Egg production – Our chicken tractor was made by ourselves in order to provide our chickens a fresh area in which to scratch and forage on an absolute maximum of 3 week intervals, this means the chicken tractor designed and made by myself and Matty is simply hitched up and moved to fresh ground regularly allowing new foraging areas for the chickens, but most importantly moved on to new ground to prevent disease build up, once moved from an area the chickens will not return to the same area for a minimum of 4 months to allow any parasite or disease to fall victim to natural biological processes.

We have various breeds and ages of chickens from all sorts of sources to provide diversity across the flock. We pride ourselves on taking ex-layer hens who’s short lifespan (18 months) are given a very much extended life for laying chickens (unfortunately commercial flocks are placed under such tight margins with the cost of food, energy and labour compared to the price they receive for eggs, that an egg a day is essential and as egg production drops with age, it can be ill afforded that egg production drops.

Our production is far less intensive, we enjoy taking birds who have lived a somewhat intensive lifestyle and providing them a happy and healthy retirement whilst obviously collecting the wonderful bounty of herbal ley grazed free range rainbow eggs of varying size and colour of which we are really proud to offer this diversity within our egg boxes for sale.

Find out more about our Table Birds


Our trio of Rheas (all called Chris….) were initially purchased as day old chicks to provide something a bit different around our duck and goose pond, but soon found that rhea seem rather unstable when it comes to water and after a very close call when one fell into the pond and didn’t think to put its feet on the ground we decided that this wasn’t going to be a home for them. Our chickens are surrounded by electric fence netting at all times to protect them from the fox as well as being shut in at night, but after doing some research with rhea we decided they might be a useful addition to our hen operation to provide some protection against predators from both the ground and air.  This is now where they live and seem far more content with chickens for company and the chickens do not seem bothered at all.


We’ve owned cows many times on the farm before.  From my late father, who reared bucket fed calves back in the 1980’s to finish, and then myself in the early 2000’s.  The issues surrounding TB testing and the need to have good handling facilities and personnel to help with corralling meant the investment required for a few cows was somewhat uneconomical and the cows disappeared yet again from our farming landscape.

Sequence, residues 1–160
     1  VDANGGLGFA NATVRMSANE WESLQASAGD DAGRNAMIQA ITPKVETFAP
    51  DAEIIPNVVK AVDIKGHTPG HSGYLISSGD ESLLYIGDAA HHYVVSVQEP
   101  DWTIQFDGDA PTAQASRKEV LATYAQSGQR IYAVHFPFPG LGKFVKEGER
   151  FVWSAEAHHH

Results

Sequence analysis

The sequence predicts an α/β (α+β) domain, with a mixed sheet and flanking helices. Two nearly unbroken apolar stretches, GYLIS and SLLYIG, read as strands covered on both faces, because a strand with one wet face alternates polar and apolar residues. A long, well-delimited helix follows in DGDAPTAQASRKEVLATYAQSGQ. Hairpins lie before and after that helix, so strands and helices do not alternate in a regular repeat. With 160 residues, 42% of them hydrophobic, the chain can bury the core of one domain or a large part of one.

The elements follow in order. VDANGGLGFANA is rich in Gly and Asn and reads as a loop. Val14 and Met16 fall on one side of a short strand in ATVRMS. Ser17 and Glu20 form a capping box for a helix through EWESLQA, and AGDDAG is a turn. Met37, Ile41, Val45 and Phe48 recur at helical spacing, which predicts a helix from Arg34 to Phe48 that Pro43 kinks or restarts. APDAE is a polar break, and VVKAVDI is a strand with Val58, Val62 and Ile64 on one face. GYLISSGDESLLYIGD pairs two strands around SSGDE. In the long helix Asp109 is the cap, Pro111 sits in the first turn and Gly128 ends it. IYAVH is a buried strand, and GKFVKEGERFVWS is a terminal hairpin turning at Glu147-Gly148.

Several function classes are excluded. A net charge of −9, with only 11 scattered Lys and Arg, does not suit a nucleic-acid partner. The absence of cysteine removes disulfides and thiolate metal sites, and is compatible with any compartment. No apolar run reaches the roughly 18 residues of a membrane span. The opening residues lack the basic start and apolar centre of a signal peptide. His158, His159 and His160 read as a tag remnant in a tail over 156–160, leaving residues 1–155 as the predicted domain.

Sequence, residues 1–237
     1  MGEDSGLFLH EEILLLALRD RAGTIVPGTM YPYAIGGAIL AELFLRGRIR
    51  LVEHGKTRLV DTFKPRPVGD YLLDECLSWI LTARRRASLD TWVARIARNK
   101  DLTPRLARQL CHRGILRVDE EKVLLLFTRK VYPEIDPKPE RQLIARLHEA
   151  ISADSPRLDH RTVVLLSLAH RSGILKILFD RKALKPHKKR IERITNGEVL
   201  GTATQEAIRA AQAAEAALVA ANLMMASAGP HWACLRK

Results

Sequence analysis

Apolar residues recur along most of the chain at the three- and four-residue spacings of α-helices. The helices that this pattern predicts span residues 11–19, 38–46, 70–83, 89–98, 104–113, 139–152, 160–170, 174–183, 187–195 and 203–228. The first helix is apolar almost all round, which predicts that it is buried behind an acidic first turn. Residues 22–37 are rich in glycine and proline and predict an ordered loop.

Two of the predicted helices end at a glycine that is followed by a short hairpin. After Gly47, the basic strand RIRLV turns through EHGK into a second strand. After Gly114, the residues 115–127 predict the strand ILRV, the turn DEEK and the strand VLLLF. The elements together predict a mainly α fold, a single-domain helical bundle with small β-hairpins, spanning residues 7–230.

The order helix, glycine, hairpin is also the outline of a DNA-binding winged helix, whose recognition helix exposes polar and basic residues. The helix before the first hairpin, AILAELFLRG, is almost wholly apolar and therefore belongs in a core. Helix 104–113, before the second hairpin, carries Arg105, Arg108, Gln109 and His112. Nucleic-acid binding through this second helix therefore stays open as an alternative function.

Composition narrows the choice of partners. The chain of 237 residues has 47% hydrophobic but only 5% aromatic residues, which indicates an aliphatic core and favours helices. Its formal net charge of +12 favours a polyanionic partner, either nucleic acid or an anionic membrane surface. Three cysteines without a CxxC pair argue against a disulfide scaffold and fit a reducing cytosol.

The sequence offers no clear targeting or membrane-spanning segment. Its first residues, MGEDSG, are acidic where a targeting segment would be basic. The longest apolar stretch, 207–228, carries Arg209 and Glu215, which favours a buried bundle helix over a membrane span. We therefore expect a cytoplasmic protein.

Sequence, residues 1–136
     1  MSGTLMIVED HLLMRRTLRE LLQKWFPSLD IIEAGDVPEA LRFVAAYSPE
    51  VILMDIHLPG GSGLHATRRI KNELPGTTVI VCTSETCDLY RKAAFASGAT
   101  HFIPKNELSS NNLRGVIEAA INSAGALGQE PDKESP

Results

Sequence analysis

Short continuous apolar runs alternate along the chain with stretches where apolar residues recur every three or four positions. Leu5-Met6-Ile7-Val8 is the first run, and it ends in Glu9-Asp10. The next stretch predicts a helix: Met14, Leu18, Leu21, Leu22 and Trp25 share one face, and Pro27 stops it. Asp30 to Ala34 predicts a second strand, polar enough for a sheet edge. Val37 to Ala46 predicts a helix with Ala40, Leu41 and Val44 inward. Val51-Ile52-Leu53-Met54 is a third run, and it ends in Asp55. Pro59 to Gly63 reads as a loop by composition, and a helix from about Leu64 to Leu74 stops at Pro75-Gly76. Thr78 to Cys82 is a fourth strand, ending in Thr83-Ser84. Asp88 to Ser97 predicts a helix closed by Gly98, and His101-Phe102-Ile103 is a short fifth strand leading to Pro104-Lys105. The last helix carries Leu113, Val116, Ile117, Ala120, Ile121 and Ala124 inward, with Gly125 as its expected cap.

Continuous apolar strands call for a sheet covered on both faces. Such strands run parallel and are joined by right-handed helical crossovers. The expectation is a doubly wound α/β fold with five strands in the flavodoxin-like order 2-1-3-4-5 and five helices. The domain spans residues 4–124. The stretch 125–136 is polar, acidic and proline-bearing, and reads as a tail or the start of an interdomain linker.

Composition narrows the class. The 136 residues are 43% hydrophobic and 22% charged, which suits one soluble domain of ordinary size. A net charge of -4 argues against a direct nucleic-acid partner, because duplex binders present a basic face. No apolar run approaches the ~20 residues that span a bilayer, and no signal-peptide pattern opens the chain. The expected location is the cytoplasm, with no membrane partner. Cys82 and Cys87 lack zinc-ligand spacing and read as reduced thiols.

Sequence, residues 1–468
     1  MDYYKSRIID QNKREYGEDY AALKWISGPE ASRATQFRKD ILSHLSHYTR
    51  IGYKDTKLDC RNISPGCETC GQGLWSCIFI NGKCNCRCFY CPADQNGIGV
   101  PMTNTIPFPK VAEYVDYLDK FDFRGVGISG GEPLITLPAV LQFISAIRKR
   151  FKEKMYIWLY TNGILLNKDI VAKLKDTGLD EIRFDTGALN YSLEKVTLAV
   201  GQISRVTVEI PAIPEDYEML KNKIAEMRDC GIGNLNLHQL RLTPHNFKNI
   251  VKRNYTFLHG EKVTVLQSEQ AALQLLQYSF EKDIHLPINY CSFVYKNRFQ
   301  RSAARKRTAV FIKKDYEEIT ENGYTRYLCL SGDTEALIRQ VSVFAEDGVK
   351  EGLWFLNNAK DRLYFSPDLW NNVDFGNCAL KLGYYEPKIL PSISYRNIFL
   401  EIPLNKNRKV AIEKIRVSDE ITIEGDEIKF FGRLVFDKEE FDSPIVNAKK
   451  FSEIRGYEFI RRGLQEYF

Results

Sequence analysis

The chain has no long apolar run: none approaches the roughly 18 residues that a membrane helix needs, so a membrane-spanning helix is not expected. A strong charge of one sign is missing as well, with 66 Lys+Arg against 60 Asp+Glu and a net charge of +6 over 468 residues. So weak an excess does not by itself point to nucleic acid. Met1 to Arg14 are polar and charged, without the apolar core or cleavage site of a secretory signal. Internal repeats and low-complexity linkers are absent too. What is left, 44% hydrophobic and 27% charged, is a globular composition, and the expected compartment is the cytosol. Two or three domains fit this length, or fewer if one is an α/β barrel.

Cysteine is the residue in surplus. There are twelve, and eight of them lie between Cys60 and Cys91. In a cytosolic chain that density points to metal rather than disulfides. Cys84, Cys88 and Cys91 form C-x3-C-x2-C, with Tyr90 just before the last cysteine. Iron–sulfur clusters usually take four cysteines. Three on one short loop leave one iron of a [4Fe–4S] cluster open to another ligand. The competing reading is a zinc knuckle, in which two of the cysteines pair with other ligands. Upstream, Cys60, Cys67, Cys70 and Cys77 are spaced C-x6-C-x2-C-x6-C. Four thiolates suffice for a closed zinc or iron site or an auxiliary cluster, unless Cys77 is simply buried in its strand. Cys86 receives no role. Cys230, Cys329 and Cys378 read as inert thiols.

In 2017 we decided to have another go when a conversation about a small herd of Highland cattle became available.  We decided to give them a go as they were halter trained which would mean a much easier TB testing and overall handling of the animals. Things were going rather well and after discussing the opportunity with the Richardson-Wall’s we decided to expand the cattle herd to include the more native to us, Hereford cattle. The cost of buying a ready-made herd of 10 cows and a bull meant that an outlay of approximately £15,000 was somewhat a large investment which would prevent the finances in many other projects, so we decided to start a small suckler herd from bucket reared Hereford cross calves.  As a bi-product of the dairy industry many half holstein cross calves are born annually.  The crosses used are mainly, Aberdeen Angus, British Blue, Hereford and Shorthorn. As a suckler herd we decided to invest in 10 Hereford heifer crosses which duly arrived on the 14th October just a single day before the movement of bovines were placed under restrictions due to a single inconclusive TB test result in the Highlands!  She will be tested again within 60 days and her fate will be sealed then.  Another inconclusive would mean she would be destroyed, a positive result would mean she would be destroyed of which both would remove the ability for us to sell or buy cattle onto farm until our whole herd went 2 TB tests clear, 60 days apart.  In the medium term, this would be fine as we intend to raise our Herefords for the next 18 months on herbal leys and develop them ready to be covered by a bull in the August of 2022.  It will, however, prevent us from buying in any more bucket fed calves to either increase the size of the suckler herd or purchase some bull calves to finish for beef and have hung and butchered to provide meat to sell in our shop.

Find out more about our Wagyu & Kobe Beef